Saturday, June 11, 2016

The Go-Between

The Go-Between; romantic drama, UK, 1971; D: Joseph Losey, S: Dominic Guard, Julie Christie, Alan Bates, Edward Fox, Margaret Leighton, Michael Redgrave

At the beginning of the 20th Century, the 13-year old Leo spends his summer at a Norfolk country house. There he is quickly "drafted" by a noble girl, Marian, to be her secret messenger and deliver her letters to a dashing peasant, Ted, who lives in a nearby farm. Marian's aristocratic family would be outraged of any contact between her and the peasant Ted. When Marian is engaged against her will to Hugh, she runs off to spend one last night with Ted - but is caught by Mrs. Maudsley and Leo. Several decades later, an old Leo is summoned one last time by Marian to deliver a letter to her grandson - who reminds him of Ted.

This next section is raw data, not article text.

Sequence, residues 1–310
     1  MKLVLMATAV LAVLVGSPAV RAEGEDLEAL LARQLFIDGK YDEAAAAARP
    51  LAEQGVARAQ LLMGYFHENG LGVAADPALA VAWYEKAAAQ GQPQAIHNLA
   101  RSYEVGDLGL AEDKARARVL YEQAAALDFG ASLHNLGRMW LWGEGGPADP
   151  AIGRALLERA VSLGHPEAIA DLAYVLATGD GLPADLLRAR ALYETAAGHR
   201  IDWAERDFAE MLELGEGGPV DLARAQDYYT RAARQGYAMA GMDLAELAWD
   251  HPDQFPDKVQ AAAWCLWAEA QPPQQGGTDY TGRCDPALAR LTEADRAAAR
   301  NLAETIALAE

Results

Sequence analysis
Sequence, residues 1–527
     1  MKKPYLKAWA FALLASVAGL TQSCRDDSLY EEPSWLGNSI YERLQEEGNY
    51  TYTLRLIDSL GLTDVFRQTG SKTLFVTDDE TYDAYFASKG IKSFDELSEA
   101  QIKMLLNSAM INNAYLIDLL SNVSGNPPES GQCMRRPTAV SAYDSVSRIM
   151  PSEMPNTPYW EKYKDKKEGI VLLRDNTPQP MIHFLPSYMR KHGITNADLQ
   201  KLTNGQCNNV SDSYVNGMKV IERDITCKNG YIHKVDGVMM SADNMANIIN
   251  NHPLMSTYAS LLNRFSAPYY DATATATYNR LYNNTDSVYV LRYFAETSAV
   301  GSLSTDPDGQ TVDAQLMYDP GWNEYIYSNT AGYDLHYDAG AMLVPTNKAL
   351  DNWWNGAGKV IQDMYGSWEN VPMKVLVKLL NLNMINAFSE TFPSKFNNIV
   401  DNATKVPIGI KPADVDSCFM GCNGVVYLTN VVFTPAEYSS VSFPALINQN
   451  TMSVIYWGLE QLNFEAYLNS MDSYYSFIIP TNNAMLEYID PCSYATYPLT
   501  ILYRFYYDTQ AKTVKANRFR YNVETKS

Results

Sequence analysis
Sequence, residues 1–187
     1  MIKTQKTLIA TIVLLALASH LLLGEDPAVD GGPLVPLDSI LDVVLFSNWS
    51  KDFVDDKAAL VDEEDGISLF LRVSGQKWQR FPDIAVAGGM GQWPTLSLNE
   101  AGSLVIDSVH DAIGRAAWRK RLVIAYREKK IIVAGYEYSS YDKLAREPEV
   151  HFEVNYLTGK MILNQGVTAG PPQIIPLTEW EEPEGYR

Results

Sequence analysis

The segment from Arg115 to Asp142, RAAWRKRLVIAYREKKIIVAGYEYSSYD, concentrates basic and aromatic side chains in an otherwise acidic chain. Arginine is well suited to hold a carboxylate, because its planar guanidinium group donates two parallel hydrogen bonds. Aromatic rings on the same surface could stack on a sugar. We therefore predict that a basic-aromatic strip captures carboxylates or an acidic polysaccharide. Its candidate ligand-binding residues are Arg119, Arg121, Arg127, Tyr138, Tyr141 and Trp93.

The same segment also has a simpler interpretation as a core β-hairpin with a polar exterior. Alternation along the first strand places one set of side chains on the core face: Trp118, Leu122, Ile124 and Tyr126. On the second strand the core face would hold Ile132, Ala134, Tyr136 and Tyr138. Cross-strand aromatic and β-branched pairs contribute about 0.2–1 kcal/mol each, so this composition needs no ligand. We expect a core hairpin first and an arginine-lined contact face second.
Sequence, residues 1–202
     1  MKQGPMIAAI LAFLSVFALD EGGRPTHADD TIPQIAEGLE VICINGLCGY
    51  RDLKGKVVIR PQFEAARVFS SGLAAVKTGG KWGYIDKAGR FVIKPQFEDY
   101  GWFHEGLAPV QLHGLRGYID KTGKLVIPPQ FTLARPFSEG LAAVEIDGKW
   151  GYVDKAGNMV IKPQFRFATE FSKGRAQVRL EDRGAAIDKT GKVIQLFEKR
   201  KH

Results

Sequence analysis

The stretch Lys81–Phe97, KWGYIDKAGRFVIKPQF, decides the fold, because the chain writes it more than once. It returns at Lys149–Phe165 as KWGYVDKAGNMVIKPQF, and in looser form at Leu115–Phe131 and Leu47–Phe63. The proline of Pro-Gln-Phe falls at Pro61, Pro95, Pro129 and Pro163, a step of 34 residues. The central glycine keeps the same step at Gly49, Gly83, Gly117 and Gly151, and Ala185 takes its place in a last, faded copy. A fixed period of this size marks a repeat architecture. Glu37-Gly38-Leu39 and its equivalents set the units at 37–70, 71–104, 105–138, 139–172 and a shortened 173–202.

Awarded with the Golden Palm in Cannes, Joseph Losey's adaptation of L. P. Harley's eponymous novel, "The Go-Between", is a melancholic, gentle romantic drama that speaks about the means and ways of a couple to communicate in a relationship forbidden by norms and traditions. The sole concept where the protagonist, the 13-year old Leo, has to secretly deliver love letters between Marian and peasant Ted (brilliant Julie Christie and Alan Bates) is deliciously sweet and nostalgic, since such a precious way of communication is lost in modern times of telephones and Internet, but a big flaw is that the viewers never get a chance to read what is actually written in them (except in one occasion), and thus a part of their potentials is lost and we are not completely invested in these characters. Losey directs the film in a conventional manner, with several empty walks in the slightly overlong storyline, yet this way he stayed true to the classic, old times he portraits. One of the most powerful moments arrives when Leo delivers a letter to Ted, who reads it and instantly throws it into the oven, only to nonchalantly quickly offer him with some tea heating on the stove, which underlines both his intensity, emotional attachment and anger at Marian for not being able to talk to her directly, but only through a 'proxy'. A little more emotional intensity would have been welcomed, though the film is ambitiously, well made.


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